DEF CON 23 -- Las Vegas -- Renowned security expert Dan Kaminsky here this week unveiled his latest project: a solution to eradicate so-called clickjacking attacks that plague the Web.
Kaminsky hopes to have his IronFrame approach support the World Wide Web Consortium's (W3C) UI Security specification, and ultimately ensure that clicking on compromised ads and other outside content on a website doesn't silently redirect users to malicious websites in clickjacking attacks. Clickjacking is where concealed and malicious content and links on a website are layered atop legitimate ones, unbeknownst to the user and the website operator.
"We have this problem where, because of the Web security model, you don't actually know what's on your web page. You just pull resources in from around the Net," Kaminsky said in an interview prior to his DEF CON 23 presentation here. "This [content] might be good, bad; maybe … by someone modifying it. This entire class of attacks is called clickjacking."
With IronFrame, Kaminsky says he's using the browser's "graphics model to present the right stuff to the user" rather than the modified content injected by cyber criminals. A PayPal box saying "Want to spend $1000?" could be altered with an icon atop it that changes the link to say $1, for example, he says.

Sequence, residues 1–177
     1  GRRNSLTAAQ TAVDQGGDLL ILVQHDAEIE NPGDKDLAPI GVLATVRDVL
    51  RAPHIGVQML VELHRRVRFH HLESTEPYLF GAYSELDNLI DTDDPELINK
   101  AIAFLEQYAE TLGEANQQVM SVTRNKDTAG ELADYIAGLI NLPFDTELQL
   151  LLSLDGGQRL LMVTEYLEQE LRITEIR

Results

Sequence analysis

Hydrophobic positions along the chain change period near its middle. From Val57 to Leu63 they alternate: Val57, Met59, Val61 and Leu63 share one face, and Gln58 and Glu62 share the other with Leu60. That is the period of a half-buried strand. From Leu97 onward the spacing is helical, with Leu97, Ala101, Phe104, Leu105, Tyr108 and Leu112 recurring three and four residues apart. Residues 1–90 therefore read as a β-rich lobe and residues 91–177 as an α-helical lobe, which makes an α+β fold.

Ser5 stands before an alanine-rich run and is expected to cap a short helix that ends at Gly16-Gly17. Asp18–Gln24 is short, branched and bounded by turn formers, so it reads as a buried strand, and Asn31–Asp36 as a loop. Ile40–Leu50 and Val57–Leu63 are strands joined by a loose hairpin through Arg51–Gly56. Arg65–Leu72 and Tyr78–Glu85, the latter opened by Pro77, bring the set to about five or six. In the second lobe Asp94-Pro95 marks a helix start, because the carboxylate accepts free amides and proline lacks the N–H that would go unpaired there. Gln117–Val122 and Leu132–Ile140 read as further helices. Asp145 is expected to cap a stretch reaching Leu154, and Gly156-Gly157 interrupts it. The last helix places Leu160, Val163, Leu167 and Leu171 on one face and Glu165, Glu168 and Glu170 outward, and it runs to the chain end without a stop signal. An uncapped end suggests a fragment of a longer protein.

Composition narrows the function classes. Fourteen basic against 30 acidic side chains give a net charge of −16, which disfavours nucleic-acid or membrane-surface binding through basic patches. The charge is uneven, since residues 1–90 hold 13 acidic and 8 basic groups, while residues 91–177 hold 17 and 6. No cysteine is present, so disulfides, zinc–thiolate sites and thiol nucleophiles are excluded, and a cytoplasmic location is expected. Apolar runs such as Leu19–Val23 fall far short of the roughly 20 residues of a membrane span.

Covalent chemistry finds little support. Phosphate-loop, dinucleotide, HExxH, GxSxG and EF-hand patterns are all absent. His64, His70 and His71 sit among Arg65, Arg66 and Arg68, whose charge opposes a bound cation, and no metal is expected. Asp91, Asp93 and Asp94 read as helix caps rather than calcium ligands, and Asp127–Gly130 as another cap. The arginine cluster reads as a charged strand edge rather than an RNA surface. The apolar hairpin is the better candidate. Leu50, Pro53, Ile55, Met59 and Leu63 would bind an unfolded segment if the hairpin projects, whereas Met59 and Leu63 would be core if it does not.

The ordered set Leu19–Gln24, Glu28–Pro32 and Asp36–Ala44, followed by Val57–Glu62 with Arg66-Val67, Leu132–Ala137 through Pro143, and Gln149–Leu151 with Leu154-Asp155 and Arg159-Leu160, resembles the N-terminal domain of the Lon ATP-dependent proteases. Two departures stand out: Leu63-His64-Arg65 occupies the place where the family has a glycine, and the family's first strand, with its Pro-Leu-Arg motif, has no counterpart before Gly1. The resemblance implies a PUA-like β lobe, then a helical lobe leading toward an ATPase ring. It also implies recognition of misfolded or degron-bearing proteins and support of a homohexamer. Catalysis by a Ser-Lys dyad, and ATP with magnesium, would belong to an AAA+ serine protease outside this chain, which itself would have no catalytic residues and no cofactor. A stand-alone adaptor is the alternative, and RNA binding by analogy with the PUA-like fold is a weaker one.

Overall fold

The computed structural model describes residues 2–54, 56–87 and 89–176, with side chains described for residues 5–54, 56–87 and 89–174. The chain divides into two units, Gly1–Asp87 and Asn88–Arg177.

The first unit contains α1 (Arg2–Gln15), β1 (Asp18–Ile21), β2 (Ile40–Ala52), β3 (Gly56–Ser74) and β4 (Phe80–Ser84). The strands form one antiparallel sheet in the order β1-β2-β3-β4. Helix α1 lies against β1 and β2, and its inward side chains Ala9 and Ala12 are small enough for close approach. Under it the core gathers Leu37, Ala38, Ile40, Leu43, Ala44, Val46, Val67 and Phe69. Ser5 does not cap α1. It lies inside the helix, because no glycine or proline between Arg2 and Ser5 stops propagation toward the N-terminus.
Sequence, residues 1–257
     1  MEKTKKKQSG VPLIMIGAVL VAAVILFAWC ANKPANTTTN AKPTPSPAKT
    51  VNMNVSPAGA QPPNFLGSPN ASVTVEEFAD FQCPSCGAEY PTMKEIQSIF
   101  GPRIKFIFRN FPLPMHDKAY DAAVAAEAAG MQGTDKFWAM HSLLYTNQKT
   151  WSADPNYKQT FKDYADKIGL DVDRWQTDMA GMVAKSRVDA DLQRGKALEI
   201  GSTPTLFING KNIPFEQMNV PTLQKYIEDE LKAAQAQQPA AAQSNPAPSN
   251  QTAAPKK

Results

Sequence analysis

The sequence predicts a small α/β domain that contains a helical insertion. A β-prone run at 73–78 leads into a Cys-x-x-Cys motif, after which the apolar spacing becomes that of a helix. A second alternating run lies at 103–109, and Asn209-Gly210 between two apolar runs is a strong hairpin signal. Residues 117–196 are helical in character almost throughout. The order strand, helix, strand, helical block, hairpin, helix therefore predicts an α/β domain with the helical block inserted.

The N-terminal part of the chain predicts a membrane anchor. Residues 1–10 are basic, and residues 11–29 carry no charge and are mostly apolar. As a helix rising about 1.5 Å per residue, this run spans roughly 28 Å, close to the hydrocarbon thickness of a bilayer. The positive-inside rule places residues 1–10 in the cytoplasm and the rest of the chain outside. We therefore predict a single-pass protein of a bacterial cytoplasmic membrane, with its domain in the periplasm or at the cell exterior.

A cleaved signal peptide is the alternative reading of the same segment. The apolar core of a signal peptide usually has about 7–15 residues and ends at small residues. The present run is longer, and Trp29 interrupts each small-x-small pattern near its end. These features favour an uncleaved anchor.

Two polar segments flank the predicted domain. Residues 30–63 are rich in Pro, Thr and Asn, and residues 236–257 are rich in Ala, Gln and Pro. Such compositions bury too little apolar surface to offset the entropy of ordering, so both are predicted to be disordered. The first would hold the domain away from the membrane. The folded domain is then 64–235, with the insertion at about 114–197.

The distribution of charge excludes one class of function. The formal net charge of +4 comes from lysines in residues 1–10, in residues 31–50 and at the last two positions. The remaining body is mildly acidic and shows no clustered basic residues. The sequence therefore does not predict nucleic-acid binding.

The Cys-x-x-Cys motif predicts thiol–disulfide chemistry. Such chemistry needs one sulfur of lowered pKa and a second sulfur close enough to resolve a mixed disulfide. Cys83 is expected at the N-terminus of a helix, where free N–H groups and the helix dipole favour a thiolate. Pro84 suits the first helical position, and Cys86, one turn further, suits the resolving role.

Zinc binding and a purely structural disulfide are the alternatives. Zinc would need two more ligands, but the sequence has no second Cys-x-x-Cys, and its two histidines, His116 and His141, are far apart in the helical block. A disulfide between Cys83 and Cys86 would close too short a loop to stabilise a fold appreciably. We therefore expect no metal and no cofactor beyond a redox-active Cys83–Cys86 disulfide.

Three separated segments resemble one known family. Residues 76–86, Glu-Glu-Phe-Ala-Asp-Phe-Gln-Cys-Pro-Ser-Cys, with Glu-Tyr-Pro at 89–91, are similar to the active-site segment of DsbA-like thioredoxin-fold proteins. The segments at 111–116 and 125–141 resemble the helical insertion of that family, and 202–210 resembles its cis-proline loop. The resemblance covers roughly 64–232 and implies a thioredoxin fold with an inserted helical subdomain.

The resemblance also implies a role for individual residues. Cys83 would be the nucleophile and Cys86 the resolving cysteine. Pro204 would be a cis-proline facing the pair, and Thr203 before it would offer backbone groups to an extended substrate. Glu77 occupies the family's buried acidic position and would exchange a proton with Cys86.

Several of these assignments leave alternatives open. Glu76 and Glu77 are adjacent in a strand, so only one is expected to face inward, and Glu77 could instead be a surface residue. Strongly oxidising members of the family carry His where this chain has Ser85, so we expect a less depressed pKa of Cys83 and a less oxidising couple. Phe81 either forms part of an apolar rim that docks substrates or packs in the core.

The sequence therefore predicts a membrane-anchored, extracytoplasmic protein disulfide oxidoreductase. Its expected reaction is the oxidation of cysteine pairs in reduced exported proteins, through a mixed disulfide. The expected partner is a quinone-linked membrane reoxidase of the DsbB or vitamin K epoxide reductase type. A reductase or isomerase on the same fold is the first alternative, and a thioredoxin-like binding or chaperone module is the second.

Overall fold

IronFrame operates like a Jenga building-block model, moving the bottom layer of graphics content to the top layer so the browser doesn't even see the phony and malicious layer. It’s a way to end clickjacking "by design," he says.
The browser to date doesn't even necessarily know what content is being presented to the user, he says. "The browser says, 'hey, GPU: go render this and you figure it out,'" Kaminsky explains.
Kaminsky's solution basically ensures that the original content is rendered by the browser, not any content layered atop it by bad guys.
"Hackers can fix things. We don't just break things," he says. "I like looking at how things actually work and taking that knowledge and using it to make things better.
"We're hackers: we're not afraid to get into how things work. Let's use that knowledge and fearlessness and make things work better," he says.
Kaminsky says his open-source project is in the early stages. "I don't have it perfectly" yet, he says.
"My goal is to go to a Blink developer [for example] and say we need this, it's feasible, here's a string, a beginning" to build on, he says.